South Sudan: No Freedom for Kids at War

Civilians fleeing Kajo Keji county, toward the southern border with Uganda

Khartoum — SOUTH Sudan, the world's youngest country, is commemorating its seventh year of independence amid concern over the future of 19 000 children recruited as soldiers.

This is up from 500 children that were enlisted when the country degenerated into civil war in 2013, two years after independence.

The children are among 2,6 million minors born in war, out of 3,4 million babies in total born after independence from Sudan.

More than 1 million children are malnourished, including 300 000 at risk of death.

The conflict has also pushed hundreds of thousands of children out of school, with 1 in 3 schools damaged, destroyed, occupied or closed.

South Sudan, which celebrates independence today (Monday), has the world's highest proportion of out-of-school children.

"As South Sudan turns seven, a seemingly endless war continues to devastate the lives of millions of children," said Henrietta Fore, United Nations Children's Fund (UNICEF) Executive Director.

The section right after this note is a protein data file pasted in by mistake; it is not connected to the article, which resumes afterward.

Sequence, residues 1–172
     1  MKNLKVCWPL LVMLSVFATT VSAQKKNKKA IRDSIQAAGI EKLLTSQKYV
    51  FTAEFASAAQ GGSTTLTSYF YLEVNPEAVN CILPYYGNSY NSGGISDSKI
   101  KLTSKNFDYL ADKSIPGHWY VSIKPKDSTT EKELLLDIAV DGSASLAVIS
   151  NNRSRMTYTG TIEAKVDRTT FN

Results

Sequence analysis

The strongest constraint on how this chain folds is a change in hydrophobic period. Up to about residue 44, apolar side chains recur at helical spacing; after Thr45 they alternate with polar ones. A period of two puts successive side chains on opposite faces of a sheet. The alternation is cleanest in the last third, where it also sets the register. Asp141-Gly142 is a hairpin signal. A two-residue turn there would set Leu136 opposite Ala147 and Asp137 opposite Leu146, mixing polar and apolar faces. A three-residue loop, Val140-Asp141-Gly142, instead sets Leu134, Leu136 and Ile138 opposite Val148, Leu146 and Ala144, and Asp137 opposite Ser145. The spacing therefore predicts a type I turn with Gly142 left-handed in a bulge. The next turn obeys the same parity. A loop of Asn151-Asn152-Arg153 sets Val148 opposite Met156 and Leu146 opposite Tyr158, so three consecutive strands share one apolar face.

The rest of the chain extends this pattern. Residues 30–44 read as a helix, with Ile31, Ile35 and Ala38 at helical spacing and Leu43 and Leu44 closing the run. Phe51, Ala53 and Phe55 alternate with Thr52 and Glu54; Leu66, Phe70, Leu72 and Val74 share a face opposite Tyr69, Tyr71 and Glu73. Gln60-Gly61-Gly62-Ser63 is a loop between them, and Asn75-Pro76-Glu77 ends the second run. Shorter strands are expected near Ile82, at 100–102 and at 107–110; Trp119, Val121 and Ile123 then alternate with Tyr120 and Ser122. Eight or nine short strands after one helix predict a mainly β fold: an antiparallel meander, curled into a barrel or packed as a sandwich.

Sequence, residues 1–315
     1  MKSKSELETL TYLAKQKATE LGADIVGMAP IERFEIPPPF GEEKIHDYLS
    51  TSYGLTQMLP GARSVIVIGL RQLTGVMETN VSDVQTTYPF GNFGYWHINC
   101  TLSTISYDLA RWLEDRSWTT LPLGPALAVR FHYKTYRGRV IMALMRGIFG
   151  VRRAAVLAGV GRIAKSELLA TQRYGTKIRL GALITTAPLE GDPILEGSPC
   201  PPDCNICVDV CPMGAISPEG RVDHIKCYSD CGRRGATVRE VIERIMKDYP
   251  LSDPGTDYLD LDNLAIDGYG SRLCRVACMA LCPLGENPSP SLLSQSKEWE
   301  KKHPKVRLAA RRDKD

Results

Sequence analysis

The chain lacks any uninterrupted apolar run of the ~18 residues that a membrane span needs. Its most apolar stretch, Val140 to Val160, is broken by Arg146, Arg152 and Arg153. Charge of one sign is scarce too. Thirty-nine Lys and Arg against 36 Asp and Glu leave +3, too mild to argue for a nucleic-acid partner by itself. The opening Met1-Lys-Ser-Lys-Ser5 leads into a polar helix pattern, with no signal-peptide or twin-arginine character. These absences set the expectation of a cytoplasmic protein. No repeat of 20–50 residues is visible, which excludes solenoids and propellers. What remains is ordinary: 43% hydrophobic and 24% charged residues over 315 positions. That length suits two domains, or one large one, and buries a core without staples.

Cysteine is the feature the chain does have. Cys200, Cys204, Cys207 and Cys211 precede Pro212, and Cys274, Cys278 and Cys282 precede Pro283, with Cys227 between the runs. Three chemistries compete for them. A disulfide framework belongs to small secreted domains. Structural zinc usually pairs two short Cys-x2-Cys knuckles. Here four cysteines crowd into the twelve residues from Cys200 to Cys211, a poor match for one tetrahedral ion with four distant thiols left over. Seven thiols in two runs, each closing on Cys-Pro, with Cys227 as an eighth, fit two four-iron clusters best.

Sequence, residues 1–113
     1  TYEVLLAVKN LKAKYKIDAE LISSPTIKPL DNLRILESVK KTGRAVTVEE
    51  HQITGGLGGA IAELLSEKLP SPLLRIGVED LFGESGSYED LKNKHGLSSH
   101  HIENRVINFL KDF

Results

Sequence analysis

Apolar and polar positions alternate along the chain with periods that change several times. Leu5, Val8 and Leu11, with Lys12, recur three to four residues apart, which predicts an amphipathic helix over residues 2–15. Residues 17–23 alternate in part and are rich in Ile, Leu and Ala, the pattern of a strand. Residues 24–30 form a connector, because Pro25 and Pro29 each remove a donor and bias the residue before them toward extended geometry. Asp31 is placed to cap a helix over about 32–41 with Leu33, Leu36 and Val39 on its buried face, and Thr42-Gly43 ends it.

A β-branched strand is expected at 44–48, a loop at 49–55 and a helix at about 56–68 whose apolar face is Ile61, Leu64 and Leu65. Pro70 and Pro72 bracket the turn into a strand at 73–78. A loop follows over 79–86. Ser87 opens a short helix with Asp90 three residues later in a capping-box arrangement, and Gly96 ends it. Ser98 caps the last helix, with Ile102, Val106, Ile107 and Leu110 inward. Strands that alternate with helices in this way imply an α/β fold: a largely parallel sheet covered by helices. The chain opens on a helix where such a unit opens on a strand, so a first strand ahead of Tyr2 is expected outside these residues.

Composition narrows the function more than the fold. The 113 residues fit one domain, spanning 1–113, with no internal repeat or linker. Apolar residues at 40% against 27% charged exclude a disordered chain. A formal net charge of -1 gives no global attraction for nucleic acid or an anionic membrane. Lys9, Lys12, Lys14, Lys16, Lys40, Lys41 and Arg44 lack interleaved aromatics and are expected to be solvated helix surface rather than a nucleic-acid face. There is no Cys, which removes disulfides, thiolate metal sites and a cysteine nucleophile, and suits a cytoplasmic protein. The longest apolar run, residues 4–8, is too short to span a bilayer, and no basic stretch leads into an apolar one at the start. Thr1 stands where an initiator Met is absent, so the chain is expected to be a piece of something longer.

"Warring parties can and must do more to bring back peace. The children of South Sudan deserve better. They simply cannot endure any more."

South Sudan spilt into war after President Salva Kiir sacked his deputy, Riek Machar, on allegations of plotting a coup.

Up to 300 000 people are estimated to have been killed in the war.

More than 2,5 million people- including over 1 million children - have fled to neighbouring countries.

Kiir and Machar recently signed a ceasefire, seen as a positive step in a faltering peace process.

"We now count on the leadership and commanders to respect it while ensuring aid workers are given unrestricted access to those in need," Fore said.

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